A low-fi list of books I've read over the last 20 years or so. Books are listed in reverse order - from the ones I've read most recently, backwards - so the ones at the top are the ones I'm reading right now. These entries are the books I particularly liked.

Jump to...2014 2013 2012 2011 2010 2009 2008 2007 2006 2005 2004 2003 2002 2001 2000 1999 1998 1997 1996 1995 1994
home button


The Rise & Fall of Athens: Nine Greek Lives by Plutarch
The stories of Theseus, Solon, Aristides, Pericles, Lysander and ... some less-memorable chaps.

Men at Arms by Evelyn Waugh
Very funny.

The Summing Up by W. Somerset Maugham
Thoughts on writing, mostly. "Anything is better than not to write clearly."

The Quarry by Iain Banks
"We get back into Hol's little faded red Polo and drive off."
And that's it.

The Thousand Autumns of Jacob de Zoet by David Mitchell
A little inconsistent, but from around halfway onward an exciting read.

MacBeth by William Shakespeare
I'd meant to read this for a long, long time but the time was right. Loved it.

Civilisation: Twenty Places on the Edge of the World by Steve Braunias
A gift from a lovely pair of authors, who know my taste for the offbeat peculiar corners of NZ. Braunias has a good eye and a lovely touch with the pen. Lovin' the places I've been of course (Hicks Bay, Apia, St Bathans, Moerewa) but more-so the people he draws and occasional playful touches like: "Wanganui... a city about to be brought to you by the letter H".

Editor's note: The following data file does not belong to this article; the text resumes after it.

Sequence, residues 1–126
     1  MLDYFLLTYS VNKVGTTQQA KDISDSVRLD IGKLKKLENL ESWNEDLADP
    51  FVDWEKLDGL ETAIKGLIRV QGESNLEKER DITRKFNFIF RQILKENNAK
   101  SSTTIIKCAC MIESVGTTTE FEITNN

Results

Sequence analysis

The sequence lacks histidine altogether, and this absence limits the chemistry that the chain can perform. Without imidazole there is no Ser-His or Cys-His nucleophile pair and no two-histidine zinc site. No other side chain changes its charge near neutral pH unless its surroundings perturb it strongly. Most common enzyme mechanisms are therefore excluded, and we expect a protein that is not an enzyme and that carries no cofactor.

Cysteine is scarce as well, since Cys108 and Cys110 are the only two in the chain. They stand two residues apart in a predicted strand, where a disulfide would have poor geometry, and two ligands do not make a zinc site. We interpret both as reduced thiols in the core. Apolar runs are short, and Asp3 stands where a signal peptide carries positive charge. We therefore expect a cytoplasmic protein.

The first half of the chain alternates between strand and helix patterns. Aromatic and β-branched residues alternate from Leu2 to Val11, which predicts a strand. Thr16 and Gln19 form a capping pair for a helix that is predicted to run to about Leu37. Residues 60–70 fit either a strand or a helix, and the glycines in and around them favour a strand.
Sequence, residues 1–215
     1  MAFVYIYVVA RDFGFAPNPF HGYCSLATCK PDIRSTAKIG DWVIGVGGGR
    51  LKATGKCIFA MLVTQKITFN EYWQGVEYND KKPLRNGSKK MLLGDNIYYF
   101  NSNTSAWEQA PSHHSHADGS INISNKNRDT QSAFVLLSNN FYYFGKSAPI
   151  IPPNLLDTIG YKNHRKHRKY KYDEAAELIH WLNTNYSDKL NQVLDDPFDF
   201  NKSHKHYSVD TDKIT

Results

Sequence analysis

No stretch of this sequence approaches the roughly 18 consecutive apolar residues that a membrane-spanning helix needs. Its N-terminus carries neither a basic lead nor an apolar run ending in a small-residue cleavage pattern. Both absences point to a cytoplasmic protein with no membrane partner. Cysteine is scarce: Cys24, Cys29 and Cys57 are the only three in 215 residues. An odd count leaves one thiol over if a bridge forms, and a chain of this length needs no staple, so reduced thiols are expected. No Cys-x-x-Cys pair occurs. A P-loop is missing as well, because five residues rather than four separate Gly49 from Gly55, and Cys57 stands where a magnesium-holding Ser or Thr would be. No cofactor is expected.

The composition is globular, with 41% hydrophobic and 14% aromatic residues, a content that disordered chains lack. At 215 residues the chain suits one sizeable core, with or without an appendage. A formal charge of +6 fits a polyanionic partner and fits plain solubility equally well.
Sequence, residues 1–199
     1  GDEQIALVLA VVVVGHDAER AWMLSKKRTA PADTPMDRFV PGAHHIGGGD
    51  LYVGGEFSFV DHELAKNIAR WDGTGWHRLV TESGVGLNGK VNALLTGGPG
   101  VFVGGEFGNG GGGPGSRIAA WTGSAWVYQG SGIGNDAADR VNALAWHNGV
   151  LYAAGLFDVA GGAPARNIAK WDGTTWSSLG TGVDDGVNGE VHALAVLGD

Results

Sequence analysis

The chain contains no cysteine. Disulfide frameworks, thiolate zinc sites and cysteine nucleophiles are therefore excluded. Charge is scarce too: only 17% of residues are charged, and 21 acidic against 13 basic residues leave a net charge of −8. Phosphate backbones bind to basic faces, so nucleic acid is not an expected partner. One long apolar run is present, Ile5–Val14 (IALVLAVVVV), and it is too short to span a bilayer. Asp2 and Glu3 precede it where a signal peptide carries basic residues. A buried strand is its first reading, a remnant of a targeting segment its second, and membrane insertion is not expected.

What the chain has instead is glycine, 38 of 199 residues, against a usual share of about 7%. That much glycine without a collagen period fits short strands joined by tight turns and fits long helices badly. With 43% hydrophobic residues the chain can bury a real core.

Theories of the Universe by Milton E. Munitz
From Babylonian mythology thru Plato, Kepler right up to Einstein and the expanding Universe: how our ideas about the way our universe works have changed thru time. Essays early on, but from Lucretius on it's almost all in the writers' own words (so you can see how playful Galileo was, how pretty a writer Mr Copernicus, cf Messers Newton and Einstein).
I read this at the same time as working my way thru Professor Charles Bailyn's Yale astrophysics course online, including his elegant explanation of 'scientific fables' (eg, the fable of the Ptolomeic epicycles, the 'moral' of which is that simple theories are better, and the shittest theories are those that must become more and more complex the more measurements/observations we make). Nice wrap-in here with the Flat Earth book below too.
Babylonian Genesis, Ionian Cosmology, Pythagorians, Lucretius, Plato, Aristotle, Ptolemy, Medieval Cosmology, Cusanus, Copernicus, Bruno, Digges, Galileo, Kepler, Newton, Huygens, Wright, Kant, Lambert, Herschel, Einstein, Hubble, De Sitter, Eddington, LemaƮtre, Milne, Robertson, Gamow, Bondi, Sciama, Hoyle.

To Kill a Mockingbird by Harper Lee
Nth time thru. The first page or two still packs the same KAPOW as the first time I ever read it. A Top Five book. Atticus pic wiki

Billy Budd by Melville
Short, tho still not to the point.

A Heartbreaking Work of Staggering Genius by Dave Eggers
The title is a bit of a gimic (in fact the whole book's a bit of a gimic), but also very true. wiki

Run Rabbit by John Updike